We spend a lot of time on ModBlog talking about the image galleries, and the wide variety of images contained within them. In addition to the galleries, the stories, and ModBlog, BMEzine is host to it’s own Wiki. It’s a great resource to get information regarding all sorts of topics that cover the entire spectrum of the body modification world.
Today I wanted to share with you an article about an unusual form of scar that at one point was extremely popular in certain parts of the world.
What you’re seeing here is what is known as a dueling scar or Renommierschmiss. I’ll let the Wiki explain.
At the turn of the 20th century, the dueling scar (or bragging scar, or Renommierschmiss) was popularized by upper-class Austrians and Germans who saw it as a mark of their class and honor, due to the social importance of dueling societies at Austrian universities at the time. If you were a doctor, lawyer, or professor, the dueling scar was a tattoo that signified your inclusion in an elite social rank, and visitors to university cafes would expect to see young men with bandaged faces.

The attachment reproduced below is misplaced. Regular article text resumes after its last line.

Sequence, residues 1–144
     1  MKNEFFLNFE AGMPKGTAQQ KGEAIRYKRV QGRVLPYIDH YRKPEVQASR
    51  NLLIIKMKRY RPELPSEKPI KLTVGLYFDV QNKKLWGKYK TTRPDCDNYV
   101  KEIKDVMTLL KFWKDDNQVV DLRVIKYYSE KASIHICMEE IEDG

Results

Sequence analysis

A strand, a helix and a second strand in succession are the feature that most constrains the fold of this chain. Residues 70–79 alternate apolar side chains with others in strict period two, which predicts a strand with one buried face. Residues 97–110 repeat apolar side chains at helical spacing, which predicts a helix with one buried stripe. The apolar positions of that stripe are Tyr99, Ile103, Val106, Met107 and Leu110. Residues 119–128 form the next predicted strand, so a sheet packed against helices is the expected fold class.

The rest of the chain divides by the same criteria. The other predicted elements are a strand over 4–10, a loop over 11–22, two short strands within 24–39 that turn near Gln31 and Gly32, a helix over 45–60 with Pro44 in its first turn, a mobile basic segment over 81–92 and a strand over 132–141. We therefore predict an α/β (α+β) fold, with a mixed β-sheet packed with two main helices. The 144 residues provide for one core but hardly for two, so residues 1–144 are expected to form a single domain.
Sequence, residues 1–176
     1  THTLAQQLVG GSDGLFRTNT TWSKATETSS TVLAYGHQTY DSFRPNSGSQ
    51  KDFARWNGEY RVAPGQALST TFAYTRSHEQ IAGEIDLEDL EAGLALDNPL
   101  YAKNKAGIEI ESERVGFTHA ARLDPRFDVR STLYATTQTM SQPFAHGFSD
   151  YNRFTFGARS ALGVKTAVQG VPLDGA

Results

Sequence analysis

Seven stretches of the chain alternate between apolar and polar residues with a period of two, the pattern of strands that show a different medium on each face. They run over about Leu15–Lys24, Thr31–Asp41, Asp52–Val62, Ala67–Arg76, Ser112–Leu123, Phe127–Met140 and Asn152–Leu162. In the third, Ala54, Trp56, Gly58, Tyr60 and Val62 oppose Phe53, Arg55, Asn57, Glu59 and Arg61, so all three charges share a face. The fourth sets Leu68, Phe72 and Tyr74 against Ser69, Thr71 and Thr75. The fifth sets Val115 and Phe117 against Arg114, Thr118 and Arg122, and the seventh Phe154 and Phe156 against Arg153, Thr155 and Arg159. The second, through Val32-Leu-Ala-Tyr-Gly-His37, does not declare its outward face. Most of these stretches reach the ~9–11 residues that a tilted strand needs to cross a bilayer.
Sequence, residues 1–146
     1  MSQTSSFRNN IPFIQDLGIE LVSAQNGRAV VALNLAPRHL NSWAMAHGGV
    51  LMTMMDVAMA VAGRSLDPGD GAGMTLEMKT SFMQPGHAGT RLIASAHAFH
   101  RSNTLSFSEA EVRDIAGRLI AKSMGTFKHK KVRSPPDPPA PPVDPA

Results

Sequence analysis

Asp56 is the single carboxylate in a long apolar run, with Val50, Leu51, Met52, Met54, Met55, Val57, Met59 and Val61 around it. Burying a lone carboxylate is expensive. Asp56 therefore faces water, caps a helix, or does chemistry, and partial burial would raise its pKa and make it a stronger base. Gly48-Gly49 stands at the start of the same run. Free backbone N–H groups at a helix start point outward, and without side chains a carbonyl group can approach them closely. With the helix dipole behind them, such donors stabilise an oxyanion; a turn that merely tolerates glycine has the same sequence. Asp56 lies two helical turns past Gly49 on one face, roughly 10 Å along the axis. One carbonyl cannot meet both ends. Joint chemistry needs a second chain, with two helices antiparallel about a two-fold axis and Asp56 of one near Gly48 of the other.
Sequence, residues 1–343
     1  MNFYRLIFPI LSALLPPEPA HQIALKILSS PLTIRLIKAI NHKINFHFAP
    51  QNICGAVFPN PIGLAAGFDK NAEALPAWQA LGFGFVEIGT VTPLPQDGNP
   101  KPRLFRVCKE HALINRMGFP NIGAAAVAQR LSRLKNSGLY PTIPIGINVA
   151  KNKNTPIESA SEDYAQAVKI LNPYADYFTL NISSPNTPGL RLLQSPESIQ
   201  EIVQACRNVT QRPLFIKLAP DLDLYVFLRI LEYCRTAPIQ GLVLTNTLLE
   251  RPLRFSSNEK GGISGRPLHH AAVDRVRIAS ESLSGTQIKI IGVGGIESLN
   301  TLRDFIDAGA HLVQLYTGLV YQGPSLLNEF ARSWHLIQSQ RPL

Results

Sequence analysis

The sport at the time was very different from modern fencing. The men used heavy sabers, and took turns chopping at each other five times apiece repeatedly. While padding was worn, the goal was to be injured. Kevin McAleer (author of Dueling: The Cult of Honor in Fin-de-Siecle Germany) writes,
The idea was to stand your man and show courage—not to inflict a wound, but to be wounded. That’s the very strange part of it—the true winner was he who walked away with a nice juicy scar, to show that he’d stood the test. The point was not to get the other guy, but to show that you could take it. You’d get these guys who looked like they’d walked into a propeller. It was pretty gnarly, but the guys were damn proud to look that way.
The scars showed you had courage and education, and were good husband material. A lot of these kids were rather good-looking, and you didn’t have to ruin your whole face in dueling. The scars usually accumulated on the left side of the face, so from the right profile, he still looked good. And even if it was an ugly, knotted scar, women were attracted by everything it implied, and the pride with which the wearer bore it.
The main thing we’ve learned from this, is that no matter the culture or the era, chicks dig scars.
But seriously, it seems that while the practice of dueling for scars seems to have faded over time, the practice of intentional scarification has definitely carried on. Now I haven’t had the pleasure of getting a gnarly, unintentional scar, but I’m sure some of you have. Anyone have a “I got this scar when…” story to share?